Female Reproductive Health and Cognitive Function

Chia-Kuang Tsai, MD, PhD; Yuan-Yuei Chen, MD; Chung-Hsing Chou, MD, PhD; Tung-Wei Kao, MD; Chih-Sung Liang, MD; Fu-Chi Yang, MD, PhD; Chung-Ching Wang, MD; Jiunn-Tay Lee, MD; Wei-Liang Chen, MD, PhD


Menopause. 2020;27(12):1357-1362. 

In This Article

Abstract and Introduction


Objective: The impact of sex hormones milieu on women's cognitive performance at different reproductive stages has caused increased caution. Our research aims to explore whether parity is negatively correlated with cognitive function.

Methods: There were 1,093 postmenopausal participants recruited from the Health and Nutrition Examination Survey dataset. Cognitive functioning was evaluated by digit symbol substitution test (DSST). We performed log transformation to normalize the distributions of the DSST values.

Results: Participants were categorized into tertile groups based on the number of pregnancies. Using the zero to one pregnancy group as the reference, there was a reduced DSST scores with β values of −0.13 (95% confidence interval [CI] −0.23 to −0.03; P = 0.008) in the ≥5 pregnancies group after adjusting for socioeconomic, medical disease, lifestyle, and reproductive components. Moreover, women who had their last pregnancy after 28 years old and education less than 12 years also was correlate with cognitive malfunction after adjusting relevant covariates (both P< 0.001).

Conclusions: Women with at least five pregnancies had poorer cognitive performance. Last pregnancy after 28 years old and education less than 12 years also was associated with poorer DSST scores.

Video Summary: http://links.lww.com/MENO/A634.


The number of aged adults with declining cognitive function or dementia has remarkably increased in recent decades and has become a global health dilemma.[1,2] Heterogeneity between individuals is involved in this progression, possibly indicating a range of genetic influences and environmental and behavioral affects over the life course.[3,4] For instance, estrogens are involved in regulating the nervous system and brain function related to cognitive processes.[5–7] Numerous studies have indicated that there is a higher risk of acquiring dementia and Alzheimer disease (AD) in postmenopausal women than in men, which might be due to the markedly decreased estrogen level that occurs after menopause.[8–10]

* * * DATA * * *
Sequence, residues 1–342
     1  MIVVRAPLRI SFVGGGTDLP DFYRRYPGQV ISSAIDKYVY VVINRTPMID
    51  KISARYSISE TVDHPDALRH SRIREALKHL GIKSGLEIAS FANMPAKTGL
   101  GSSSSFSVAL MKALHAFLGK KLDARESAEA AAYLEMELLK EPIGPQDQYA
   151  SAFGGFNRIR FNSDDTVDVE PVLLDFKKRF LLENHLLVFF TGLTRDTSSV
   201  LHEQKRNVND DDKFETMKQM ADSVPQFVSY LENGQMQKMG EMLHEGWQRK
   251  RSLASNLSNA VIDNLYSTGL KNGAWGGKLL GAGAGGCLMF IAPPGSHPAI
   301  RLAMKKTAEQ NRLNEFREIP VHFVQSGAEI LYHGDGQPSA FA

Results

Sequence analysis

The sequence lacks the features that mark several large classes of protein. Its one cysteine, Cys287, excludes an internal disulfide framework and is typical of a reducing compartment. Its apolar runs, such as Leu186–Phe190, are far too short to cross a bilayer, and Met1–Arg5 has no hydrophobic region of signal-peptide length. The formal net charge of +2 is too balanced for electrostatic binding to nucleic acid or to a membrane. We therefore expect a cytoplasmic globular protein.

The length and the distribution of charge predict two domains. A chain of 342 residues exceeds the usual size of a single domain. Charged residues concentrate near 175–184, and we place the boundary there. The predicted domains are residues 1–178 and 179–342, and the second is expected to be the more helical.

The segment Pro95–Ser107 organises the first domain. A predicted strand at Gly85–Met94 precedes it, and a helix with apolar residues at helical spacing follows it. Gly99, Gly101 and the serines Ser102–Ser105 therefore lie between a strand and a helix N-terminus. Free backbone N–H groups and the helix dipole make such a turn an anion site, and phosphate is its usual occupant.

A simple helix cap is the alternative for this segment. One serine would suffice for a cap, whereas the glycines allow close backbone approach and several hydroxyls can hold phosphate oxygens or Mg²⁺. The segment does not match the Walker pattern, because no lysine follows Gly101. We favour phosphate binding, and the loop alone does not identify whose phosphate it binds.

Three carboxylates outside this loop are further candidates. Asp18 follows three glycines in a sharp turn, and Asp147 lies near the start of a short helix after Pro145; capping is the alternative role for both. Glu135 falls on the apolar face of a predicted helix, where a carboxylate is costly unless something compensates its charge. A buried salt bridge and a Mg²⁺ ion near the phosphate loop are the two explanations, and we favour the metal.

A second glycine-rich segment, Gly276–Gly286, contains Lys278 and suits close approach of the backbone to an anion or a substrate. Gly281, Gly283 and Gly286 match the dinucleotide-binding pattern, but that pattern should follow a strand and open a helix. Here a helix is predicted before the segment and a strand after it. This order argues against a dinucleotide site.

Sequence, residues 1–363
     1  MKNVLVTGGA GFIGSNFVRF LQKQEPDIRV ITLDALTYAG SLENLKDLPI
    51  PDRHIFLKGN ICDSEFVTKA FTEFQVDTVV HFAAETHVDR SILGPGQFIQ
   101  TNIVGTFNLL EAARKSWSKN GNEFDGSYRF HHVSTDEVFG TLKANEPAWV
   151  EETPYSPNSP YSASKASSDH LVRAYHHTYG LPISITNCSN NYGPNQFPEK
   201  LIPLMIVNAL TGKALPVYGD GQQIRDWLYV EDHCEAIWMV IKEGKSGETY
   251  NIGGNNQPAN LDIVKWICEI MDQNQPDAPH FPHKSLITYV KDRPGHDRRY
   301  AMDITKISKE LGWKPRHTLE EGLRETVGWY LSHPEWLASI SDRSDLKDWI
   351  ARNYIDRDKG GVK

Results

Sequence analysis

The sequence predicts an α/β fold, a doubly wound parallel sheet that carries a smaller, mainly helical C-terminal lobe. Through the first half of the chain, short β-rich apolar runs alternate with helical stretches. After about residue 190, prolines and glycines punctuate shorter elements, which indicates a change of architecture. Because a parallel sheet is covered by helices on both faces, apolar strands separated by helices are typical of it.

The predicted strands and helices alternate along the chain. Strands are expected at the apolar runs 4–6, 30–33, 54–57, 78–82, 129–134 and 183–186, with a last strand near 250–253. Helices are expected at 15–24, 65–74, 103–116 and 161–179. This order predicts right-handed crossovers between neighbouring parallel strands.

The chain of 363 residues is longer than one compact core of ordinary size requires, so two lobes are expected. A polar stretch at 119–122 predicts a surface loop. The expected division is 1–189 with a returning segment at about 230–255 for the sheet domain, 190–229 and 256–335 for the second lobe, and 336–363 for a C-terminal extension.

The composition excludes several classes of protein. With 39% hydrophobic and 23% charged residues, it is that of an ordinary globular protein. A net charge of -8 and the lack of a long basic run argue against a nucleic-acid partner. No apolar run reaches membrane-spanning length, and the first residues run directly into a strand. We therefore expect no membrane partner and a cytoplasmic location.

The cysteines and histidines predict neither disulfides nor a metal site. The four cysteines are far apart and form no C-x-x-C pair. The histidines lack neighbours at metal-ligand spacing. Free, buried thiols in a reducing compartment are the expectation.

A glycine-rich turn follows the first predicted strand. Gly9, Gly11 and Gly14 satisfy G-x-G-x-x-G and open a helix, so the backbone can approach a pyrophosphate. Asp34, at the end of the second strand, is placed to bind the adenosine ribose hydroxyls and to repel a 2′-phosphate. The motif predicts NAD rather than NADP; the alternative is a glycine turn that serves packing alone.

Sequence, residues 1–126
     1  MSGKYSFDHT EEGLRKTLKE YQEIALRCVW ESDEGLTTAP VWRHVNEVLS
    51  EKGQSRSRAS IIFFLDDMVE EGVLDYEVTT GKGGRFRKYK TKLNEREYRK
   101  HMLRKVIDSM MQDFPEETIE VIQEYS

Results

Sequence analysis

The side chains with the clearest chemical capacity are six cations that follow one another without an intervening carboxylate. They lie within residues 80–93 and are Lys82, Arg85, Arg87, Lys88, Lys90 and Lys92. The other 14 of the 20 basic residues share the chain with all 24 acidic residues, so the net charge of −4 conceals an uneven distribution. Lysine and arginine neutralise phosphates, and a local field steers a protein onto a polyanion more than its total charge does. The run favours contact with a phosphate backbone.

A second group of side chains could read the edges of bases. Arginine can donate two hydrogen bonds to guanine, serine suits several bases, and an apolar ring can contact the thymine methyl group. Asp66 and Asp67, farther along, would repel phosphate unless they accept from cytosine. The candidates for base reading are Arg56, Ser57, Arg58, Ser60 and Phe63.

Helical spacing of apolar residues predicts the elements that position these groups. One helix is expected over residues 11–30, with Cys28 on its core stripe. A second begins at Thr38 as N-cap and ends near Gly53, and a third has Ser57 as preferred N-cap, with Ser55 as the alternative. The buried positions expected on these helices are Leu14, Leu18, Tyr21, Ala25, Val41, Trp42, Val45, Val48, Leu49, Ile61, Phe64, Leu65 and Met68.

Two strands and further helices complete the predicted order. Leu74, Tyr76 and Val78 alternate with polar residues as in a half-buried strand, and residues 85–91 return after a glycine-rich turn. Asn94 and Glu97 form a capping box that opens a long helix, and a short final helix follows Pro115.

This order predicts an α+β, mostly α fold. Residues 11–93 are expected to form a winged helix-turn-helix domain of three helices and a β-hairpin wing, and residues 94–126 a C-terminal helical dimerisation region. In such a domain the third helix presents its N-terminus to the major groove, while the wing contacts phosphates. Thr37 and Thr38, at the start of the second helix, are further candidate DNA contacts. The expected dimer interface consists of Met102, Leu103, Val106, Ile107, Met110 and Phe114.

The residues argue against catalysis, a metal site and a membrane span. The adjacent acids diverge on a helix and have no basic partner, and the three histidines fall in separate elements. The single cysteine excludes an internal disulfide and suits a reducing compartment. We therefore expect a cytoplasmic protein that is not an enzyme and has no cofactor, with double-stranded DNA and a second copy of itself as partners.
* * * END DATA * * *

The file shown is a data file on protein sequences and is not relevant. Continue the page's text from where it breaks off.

The impact of sex hormones on cognition of women at different reproductive life stages has gained increased attention. Reproductive history reflects the dynamic change in reproductive hormones that women undergo between menarche, pregnancy, and menopause.[11,12] The relationship between lifelong estrogen exposure, such as reproductive time and age at first menarche and last pregnancy, and length of breastfeeding has been examined in previous studies.[12–14] However, there are inconsistent conclusions about the impact of the number of pregnancies on cognitive performance in later life (Table 1).[13,15–23] For example, Li et al[19] demonstrated that women having five or more full-term pregnancies exhibited poor cognitive performance than those having fewer full-term pregnancies in a Chinese population. Colucci et al[17] presented the same findings, that is, a higher number of lifetime pregnancies are a hazard factor for developing AD earlier, in a control experiment composed of 400 women from an Italian population. Moreover, Prince et al[20] also reported that a higher number of parities were strongly correlated with a higher risk of dementia in China and Latin American populations. Nevertheless, Rasgon et al,[13] Shimizu et al,[22] and Harville et al[23] demonstrated that multiparity was not strongly associated with cognitive functioning.

The goal of our research was to investigate the relationship between number of pregnancies and cognitive function in postmenopausal women from an American noninstitutionalized civilian population. We also attempted to identify factors that are statistically correlated with better cognitive performance in participants with multiple parities.